UPDATE 2-White House approves Louisiana berm plan -Jindal

* Louisiana gets permission for five sand berms

* Governor says ‘you can hear the silence’ in oiled area

* BP says it will pay for the projects
(Updates with cost estimate, details, BP supports project)

By Ed Stoddard

VENICE, La., June 2 (BestGrowthStock) – The White House on
Wednesday approved plans to construct several large offshore
sand berms that BP Plc (BP.L: ) (BP.N: ) will fund to help buffer
the Louisiana coast from the giant oil slick in the Gulf of
Mexico, Louisiana’s governor said.

U.S. Coast Guard Admiral Thad Allen told BP to pay for the
five berms approved by the White House, in addition to one he
and the Army Corps of Engineers approved last week. The British
energy company later said it supported the six projects and
would pay the estimated $360 million cost to build them.

The decision marked a victory for Jindal, a rising
Republican star who has lobbied for weeks to win support for
the plan even as he steadfastly criticized BP and the Obama
administration for what he has called a sluggish response to
the oil spill.

The growing petroleum slick has damaged more than 140 miles
(235 km) of Louisiana’s fragile coastline and largely shut down
its seafood industry, idling thousands of fishermen.

Meanwhile, the BP offshore oil rig blowout and ensuing oil
slick have posed a key test of the Obama administration’s
ability to handle a rapidly unfolding crisis.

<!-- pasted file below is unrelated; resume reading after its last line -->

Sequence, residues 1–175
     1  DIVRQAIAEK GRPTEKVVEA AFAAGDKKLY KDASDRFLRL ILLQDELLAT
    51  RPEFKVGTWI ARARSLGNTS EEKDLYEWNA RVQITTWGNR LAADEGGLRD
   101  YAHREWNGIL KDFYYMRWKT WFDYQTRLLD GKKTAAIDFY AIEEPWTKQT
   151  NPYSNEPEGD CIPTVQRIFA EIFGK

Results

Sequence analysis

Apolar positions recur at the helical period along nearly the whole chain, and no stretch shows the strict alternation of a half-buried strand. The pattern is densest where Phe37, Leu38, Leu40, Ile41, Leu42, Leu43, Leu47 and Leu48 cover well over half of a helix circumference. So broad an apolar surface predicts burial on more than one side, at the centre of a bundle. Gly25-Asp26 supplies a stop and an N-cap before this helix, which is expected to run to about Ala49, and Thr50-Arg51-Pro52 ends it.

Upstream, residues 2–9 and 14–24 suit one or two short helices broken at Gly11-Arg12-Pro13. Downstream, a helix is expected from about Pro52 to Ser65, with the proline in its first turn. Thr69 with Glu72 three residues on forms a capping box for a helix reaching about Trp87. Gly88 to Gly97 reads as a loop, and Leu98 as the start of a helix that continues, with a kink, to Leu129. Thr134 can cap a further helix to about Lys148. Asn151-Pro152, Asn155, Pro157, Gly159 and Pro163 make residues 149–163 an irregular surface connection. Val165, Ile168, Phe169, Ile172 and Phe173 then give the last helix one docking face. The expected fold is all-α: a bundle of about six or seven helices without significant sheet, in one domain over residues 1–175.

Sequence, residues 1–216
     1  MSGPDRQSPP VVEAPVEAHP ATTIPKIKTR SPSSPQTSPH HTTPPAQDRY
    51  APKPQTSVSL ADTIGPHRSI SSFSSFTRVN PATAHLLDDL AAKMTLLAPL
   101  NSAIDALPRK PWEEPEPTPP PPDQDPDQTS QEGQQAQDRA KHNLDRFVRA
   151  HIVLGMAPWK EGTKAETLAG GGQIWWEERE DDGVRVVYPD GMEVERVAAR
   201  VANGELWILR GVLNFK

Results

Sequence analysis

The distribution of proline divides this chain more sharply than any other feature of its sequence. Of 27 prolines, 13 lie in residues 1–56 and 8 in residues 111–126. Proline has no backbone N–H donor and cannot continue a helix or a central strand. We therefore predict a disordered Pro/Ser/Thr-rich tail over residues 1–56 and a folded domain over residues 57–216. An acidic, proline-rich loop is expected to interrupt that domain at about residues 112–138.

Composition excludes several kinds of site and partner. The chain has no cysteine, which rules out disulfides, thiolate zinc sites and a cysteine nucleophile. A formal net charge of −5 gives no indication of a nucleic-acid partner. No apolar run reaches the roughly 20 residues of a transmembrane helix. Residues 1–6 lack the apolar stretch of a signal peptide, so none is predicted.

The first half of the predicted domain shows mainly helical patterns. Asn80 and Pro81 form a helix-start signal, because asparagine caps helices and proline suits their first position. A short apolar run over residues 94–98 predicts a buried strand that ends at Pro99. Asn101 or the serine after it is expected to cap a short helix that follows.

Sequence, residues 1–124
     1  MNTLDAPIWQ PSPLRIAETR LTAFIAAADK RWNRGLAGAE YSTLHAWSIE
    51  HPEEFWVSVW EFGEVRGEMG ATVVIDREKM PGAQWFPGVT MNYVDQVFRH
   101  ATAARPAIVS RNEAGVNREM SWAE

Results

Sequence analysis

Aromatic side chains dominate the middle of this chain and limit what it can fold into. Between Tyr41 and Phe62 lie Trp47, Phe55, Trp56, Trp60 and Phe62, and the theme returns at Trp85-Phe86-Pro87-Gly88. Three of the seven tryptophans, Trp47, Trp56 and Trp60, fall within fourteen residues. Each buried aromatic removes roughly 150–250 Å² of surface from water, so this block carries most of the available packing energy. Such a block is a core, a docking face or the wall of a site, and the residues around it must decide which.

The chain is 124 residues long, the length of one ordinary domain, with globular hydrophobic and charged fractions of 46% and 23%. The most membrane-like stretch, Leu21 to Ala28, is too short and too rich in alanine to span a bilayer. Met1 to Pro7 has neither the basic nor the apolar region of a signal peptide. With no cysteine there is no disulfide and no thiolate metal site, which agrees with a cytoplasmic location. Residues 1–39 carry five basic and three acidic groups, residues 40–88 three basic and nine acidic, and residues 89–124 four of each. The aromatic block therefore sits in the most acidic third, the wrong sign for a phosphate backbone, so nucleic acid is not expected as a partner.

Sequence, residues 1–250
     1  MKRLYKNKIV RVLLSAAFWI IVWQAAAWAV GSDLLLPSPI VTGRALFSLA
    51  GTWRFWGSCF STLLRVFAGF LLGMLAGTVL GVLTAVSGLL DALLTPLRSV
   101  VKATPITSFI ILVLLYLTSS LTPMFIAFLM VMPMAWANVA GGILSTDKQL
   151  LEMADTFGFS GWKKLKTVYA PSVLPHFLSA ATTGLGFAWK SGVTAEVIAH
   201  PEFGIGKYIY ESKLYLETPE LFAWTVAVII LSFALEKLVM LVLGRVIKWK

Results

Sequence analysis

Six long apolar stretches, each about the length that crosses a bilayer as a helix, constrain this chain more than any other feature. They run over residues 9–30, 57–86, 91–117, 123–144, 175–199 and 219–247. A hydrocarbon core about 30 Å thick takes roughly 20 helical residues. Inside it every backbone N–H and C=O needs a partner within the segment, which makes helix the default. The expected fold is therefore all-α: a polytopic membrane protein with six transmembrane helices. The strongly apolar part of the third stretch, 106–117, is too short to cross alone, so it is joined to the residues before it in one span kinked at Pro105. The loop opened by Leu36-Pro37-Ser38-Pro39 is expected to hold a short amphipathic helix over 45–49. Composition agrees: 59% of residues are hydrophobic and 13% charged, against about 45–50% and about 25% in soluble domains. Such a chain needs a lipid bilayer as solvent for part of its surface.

“Our federal government does not need to be making excuses
for BP,” Jindal said at a news conference just moments before
he received word of the White House decision. “Every day they
wait, every day they make us wait, we’re losing our battle to
protect our coast.”

ARTIFICIAL BARRIER ISLANDS

The sand-berm construction plan essentially calls for the
manufacture of six artificial barrier islands with sand dredged
from the floor of the Gulf to help safeguard Louisiana’s
fragile bayous and marshlands from encroaching oil.

Critics have questioned whether the berms can be built up
quickly enough to keep more oil from washing ashore.

But supporters of the plan say the spill is likely to
remain a threat for months and that the berms could prove
crucial in holding back oil debris that would otherwise be
swept inland by hurricanes.

As much as 19,000 barrels of oil (800,000 gallons or 3
million litres) a day has been pouring into the Gulf of Mexico
off the coast of Louisiana since the rig drilling a BP well
exploded six weeks ago, killing 11 workers.

Almost 4 million feet (1.2 million metres) of protective
boom has been deployed to protect wetlands, but Jindal said it
was not enough and that it was more effective to clean the oil
from sand than from fragile marshes and other coastal
ecosystems.

“The right thing for us to do is to fight this oil on our
sand,” he said. “I’d much rather fight this oil on the sand
than in our wetlands.”

He was speaking after touring the wetlands in Pass a
Loutre, an area that he said had been fouled by heavy oil over
two weeks ago and where the oil remained, underscoring the
difficulty of the clean-up effort.

Jindal said the impact on wildlife in areas that normally
teemed with insects, birds and fish was obvious and that you
“could hear the silence and smell the fumes.”

Locals, worried for their future, applauded his efforts.

“Everybody is rallying around the governor,” said Mike
Frenette, the head of the Venice Charter Boat and Guide
Association. “His pleas and demands and concerns are about as
truthful as you can get.”

Stock Market

(Editing by Mohammad Zargham and Will Dunham)

UPDATE 2-White House approves Louisiana berm plan -Jindal